Plasma samples were collected at screening, predose, weeks 1, 2, 4, 8, and 12 of treatment, and at posttreatment weeks 4, 12, and 24. HCV-RNA levels were assessed using the COBAS AmpliPrep/COBAS TaqMan HCV Quantitative Test (version 2.0; lower limit of quantification [LLOQ], <15 IU/mL; Roche, Indianapolis, IN, USA). HCV genotype and subtype were identified using the Siemens VERSANT HCV genotype INNO-LiPA 2.0 assay (Siemens, Camberley, Surrey, UK). Interleukin (IL) 28B genotype was determined by PCR amplification of the rs12979860 locus. Deep sequencing of the HCV NS3, NS5A, and NS5B coding regions was performed on samples obtained from all patients at baseline and at virological failure; resistance-associated substitutions (RASs) are reported using a 15% cutoff.[9] Safety assessments included recording of adverse events (AEs), clinical laboratory tests, physical examinations, and vital sign measurements.
The primary objectives of the study were to evaluate the proportion of patients achieving SVR 12 weeks after the end of treatment (SVR12) and assess the safety and tolerability of sofosbuvir-velpatasvir-voxilaprevir. Secondary endpoints included determining the proportion of patients with virological failure and assessing the emergence of viral resistance to sofosbuvir, velpatasvir, and voxilaprevir during and after the end of treatment.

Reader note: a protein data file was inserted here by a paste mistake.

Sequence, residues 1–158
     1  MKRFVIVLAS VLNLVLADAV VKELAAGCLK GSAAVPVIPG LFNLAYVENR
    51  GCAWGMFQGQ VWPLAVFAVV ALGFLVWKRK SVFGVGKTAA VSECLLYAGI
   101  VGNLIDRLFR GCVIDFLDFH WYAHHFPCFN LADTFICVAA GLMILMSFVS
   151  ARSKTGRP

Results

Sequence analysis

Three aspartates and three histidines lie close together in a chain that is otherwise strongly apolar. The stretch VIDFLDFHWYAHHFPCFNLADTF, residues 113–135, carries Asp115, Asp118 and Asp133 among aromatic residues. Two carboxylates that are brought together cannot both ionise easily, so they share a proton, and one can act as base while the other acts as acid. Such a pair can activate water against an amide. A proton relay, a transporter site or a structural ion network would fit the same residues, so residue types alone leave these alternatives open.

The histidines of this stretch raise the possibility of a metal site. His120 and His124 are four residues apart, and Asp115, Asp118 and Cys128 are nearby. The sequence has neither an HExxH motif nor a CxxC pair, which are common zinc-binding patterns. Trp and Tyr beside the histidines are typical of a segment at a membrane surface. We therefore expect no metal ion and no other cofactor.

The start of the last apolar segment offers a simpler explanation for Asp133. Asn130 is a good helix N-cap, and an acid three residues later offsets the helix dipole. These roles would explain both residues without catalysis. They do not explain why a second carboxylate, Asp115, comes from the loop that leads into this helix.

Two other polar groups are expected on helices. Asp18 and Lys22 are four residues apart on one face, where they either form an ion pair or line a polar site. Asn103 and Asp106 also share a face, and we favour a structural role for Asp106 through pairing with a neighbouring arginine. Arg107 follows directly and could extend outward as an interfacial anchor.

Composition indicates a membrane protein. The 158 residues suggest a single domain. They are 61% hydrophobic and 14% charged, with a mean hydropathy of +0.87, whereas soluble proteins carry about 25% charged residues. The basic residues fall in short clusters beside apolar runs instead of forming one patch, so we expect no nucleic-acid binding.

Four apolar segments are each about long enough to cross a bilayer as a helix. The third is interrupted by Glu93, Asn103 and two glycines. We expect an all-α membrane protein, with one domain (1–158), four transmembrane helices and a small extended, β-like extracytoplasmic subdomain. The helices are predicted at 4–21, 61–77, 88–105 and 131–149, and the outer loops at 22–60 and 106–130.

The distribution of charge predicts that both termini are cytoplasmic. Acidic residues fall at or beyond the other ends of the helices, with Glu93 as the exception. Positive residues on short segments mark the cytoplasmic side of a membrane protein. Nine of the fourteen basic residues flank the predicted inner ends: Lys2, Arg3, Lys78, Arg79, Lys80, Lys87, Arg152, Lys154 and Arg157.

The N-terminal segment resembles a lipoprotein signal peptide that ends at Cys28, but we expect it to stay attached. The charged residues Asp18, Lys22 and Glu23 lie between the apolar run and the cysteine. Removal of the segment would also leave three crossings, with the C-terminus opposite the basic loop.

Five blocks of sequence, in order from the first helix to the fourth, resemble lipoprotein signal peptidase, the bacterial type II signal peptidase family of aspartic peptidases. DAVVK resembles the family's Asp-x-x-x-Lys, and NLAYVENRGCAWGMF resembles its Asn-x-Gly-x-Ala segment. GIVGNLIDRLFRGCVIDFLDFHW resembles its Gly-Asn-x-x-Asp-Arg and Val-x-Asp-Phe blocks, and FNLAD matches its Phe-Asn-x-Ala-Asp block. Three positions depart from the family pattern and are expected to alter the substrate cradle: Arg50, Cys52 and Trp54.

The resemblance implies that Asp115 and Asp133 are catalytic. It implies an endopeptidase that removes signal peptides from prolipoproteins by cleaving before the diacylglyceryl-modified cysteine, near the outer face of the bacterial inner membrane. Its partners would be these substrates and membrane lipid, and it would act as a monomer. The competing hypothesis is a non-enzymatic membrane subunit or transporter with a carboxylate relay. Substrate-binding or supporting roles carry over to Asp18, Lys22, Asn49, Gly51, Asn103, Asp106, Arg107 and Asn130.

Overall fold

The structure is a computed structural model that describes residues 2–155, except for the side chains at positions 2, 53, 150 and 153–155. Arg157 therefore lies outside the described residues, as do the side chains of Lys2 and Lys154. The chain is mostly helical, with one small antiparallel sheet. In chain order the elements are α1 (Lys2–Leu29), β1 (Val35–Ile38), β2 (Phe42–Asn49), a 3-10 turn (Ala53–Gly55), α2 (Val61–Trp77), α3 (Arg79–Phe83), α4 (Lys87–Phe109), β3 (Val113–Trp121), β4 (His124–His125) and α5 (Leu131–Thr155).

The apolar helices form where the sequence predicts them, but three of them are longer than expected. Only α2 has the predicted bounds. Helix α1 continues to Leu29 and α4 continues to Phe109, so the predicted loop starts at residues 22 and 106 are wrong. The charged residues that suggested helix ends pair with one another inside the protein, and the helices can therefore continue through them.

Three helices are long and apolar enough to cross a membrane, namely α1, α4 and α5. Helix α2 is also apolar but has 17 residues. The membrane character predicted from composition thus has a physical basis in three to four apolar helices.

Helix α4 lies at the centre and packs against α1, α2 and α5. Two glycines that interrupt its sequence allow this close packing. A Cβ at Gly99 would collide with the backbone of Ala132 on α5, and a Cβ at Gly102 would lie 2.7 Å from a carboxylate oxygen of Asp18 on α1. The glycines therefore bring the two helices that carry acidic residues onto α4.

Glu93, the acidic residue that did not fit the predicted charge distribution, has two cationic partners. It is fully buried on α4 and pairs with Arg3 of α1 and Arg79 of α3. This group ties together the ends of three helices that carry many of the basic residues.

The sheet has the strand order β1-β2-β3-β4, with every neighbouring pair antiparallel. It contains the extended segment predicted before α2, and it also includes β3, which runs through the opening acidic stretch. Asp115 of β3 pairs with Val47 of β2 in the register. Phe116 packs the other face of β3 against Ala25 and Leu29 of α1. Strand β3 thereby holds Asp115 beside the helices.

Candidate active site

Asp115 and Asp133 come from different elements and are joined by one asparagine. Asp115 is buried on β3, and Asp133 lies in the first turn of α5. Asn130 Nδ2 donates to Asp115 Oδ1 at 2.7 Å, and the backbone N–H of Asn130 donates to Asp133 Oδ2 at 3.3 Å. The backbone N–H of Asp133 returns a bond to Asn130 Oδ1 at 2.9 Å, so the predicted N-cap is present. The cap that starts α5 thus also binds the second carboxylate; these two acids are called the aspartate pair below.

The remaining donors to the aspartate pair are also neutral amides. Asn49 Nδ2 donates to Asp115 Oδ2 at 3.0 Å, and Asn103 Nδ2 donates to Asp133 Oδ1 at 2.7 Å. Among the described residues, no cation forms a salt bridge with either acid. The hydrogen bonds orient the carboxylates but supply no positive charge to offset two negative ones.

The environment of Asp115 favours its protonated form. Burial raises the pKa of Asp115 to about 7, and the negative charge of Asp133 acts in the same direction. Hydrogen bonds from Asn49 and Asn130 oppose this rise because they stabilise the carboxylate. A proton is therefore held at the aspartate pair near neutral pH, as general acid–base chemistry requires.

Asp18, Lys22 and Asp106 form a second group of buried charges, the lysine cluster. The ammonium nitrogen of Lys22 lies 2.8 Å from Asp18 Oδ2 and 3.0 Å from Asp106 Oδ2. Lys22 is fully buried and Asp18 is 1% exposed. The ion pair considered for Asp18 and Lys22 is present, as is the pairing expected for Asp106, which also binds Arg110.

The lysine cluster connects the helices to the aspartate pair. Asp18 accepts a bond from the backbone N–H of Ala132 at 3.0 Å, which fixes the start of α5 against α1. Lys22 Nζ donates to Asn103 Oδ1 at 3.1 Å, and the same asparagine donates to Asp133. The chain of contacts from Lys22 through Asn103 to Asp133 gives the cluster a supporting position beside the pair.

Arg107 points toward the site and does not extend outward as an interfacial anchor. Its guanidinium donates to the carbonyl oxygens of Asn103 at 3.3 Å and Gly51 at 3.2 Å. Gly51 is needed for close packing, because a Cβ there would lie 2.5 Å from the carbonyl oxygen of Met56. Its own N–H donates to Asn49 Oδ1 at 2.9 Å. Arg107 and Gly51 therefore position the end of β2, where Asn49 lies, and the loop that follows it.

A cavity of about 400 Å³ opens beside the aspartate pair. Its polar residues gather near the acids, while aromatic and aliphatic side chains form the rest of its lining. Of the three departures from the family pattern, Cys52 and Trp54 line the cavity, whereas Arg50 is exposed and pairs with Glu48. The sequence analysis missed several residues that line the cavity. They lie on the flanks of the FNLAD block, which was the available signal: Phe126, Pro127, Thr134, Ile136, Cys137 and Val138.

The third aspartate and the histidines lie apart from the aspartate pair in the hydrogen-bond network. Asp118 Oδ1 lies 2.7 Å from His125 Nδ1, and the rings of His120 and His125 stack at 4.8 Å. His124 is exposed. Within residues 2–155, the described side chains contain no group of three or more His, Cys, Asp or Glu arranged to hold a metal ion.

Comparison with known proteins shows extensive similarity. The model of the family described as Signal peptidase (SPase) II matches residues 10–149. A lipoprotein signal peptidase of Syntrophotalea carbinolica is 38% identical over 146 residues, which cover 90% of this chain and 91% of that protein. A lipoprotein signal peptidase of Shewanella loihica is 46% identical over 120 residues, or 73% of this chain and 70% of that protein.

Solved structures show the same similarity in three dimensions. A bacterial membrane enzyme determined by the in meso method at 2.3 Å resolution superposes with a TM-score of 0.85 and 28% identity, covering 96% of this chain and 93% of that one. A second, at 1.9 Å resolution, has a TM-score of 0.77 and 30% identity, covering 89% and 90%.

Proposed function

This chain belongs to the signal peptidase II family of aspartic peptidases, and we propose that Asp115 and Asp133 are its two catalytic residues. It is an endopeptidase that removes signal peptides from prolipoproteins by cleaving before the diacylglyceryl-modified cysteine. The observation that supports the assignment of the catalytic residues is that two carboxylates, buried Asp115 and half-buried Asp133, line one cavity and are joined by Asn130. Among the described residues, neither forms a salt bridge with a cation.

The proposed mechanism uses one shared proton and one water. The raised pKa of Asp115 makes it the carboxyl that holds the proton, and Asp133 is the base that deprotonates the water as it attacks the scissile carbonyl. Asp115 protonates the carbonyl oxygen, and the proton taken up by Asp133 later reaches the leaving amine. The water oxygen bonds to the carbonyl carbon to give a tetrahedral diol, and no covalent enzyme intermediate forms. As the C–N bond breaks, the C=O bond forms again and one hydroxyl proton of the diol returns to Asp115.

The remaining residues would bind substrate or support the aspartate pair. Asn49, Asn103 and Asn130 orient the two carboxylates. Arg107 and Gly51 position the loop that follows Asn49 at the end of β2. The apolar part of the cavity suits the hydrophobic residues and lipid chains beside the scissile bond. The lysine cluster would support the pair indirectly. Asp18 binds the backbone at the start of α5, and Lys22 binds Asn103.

No formal statistical hypothesis testing was performed in this study. All patients who received ≥1 dose of study drug were included in the primary efficacy and safety analysis sets. The 95% confidence intervals (CIs) for the SVR12 were calculated using the Clopper-Pearson method. Statistical analyses were summarized using SAS software (SAS Institute Inc., Cary, NC). Results